Saturday, July 21, 2012

Archbishop Chaput Visits Monsignor Lynn In Jail

Ralph Cipriano Jul.12, 2012
Last week, Archbishop Charles J. Chaput stopped by the Curran-Fromhold Correctional Facility in Northeast Philadelphia, where Msgr. William J. Lynn is being held in protective custody.

The archbishop did not bring along his mitre or his crozier. He stayed for 90 minutes. But what the two men talked about is not known.

"Archbishop Chaput did visit with Monsignor Lynn," said Kenneth A. Gavin, a spokesman for the archdiocese. "Their conversation was private."

"It is my understanding that it was a positive visit and I think that's all I should say," said Thomas A. Bergstrom, the monsignor's defense lawyer.
Read more

Friday, July 20, 2012

"A Vatican Watershed on Transparency, and a New Tool for Reformers" by John L Allen Jr on Jul. 20, 2012

On cue, these headlines ran shortly after the report’s release on Wednesday, July 18:
  • Associated Press: “Vatican passes key financial transparency test”
  • AGI: “Moneyval flunks the Vatican”
  • L’Espresso: “Moneyval passes the Vatican”
  • RTE: “Serious failings identified in Vatican Bank”
  • Sunday Times: “Report cites progress in Vatican anti-money laundering efforts”
Sometimes the juxtaposition actually came in the same piece. The Italian daily Il Messaggero ran a headline (“Moneyval: Still little transparency at Vatican Bank”) which was at odds with its own opening paragraph (“The Vatican Bank is not quite transparent, but almost, the report says.”)
Why the confusion? In reality, the Vatican probably did about as well as was reasonable to expect, but the report contains plenty of criticism too. ...
Never before has the Vatican opened its financial and legal systems to this sort of external, independent review, with the results made public. In centuries past, had secular authorities shown up to conduct such a review, they would have been fought off tooth and nail. For Moneyval, the red carpet was rolled out instead.
American lawyer Jeffrey Lena, an advisor to the Vatican on the Moneyval process, told me that evaluators were able to examine records of judicial and diplomatic cooperation, anti-money laundering certifications, accountancy management letters, foundation registry records, and other confidential legal documents. To say that the Vatican traditionally has been reluctant to grant such access is a bit like saying the Tea Party is lukewarm about Obama — in other words, it really doesn’t do justice to the depth of emotion involved..."

St. Mary Magdala Liturgy in Columbus, Ohio/ Janice Sevre-Duszynska, ARCWP, Presides at Call to Action Liturgy

About 50 CTA-Columbus (Ohio) folks gathered last night for inclusive liturgy at Maple Grove Methodist Church

to celebrate the feast day of Mary Magdalene. They're another great group, much like our Resurrection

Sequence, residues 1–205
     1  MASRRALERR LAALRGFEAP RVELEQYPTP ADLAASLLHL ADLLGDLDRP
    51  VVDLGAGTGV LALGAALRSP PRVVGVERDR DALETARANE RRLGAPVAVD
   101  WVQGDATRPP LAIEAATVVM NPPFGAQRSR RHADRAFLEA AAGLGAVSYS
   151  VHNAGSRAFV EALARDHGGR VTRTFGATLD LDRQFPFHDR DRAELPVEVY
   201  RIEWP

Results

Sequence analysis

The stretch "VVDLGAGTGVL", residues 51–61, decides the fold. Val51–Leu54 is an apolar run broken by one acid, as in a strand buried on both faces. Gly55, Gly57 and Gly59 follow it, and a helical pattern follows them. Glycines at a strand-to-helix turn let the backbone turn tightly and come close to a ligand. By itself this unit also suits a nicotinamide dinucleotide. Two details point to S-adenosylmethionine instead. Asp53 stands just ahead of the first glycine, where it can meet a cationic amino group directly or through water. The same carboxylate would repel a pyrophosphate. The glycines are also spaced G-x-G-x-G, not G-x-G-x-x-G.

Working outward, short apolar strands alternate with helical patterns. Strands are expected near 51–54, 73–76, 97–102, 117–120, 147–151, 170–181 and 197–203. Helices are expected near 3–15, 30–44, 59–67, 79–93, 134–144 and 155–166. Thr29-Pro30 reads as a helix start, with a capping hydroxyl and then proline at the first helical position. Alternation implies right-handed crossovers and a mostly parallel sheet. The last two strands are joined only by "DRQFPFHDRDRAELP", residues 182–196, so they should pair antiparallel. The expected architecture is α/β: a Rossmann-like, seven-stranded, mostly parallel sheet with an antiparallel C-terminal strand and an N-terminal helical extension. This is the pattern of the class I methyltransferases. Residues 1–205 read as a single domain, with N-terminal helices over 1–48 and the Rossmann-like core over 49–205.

Community in Cincinnati and our growing community in Lexington.

Homily – Mary Magdalene Liturgy: July 18, 2012 Columbus, Ohio (CTA) Sisters and brothers in Christ: There is much to say about Mary Magdalene and much connecting to do with her life then and our present reality now. (This evening I’ll begin with an “unsettling” story.)
In 1981 Women Church Convergence held a gathering in Chicago. Women of all faiths participated, including some of the Episcopal women priests who were ordained in the late 70s. This is where I met Dominican sister Marge Tuite who became a mentor in my journey to the priesthood. “Make the connections,” she said, “between sexism and racism, sexism and militarism, sexism and nationalism, sexism and capitalism…Today we would include homophobia.

The next day as a group we marched outside in solidarity with our sisters and brothers in El Salvador where our government’s support of their armies with our hard-earned taxpayer money caused suffering and death. It was good for my feet to hit the ground, touching the sweet earth of which we are made. I had a hint of the connection Sr. Marge was talking about.
Then we gathered in small groups at tables in a huge conference room. I walked in and found myself sitting at a table labeled “ABUSE” in all capital letters. A woman began to speak. Her presence, appearance and what she said are still fresh in my mind.
She was like an apparition: in a long soft blue suede Indian dress wearing a striking ethnic necklace and sandals on her feet. Her hair was braided down to her waist and her face, the most weathered I’ve ever seen in a woman.
She was a nun who had been working for more than 25 years in Lima, Peru, teaching secretarial skills to women who had no other way to make a living other than prostitution. She said distinctly and with the strength of voice that comes from years-in-the-making: “You think you know the oldest profession in the world?” She paused while our minds processed the familiar answer. Then she continued: “The domination of women by men.”
I gulped. I couldn’t believe what I was hearing and the shock still reverberates with me today.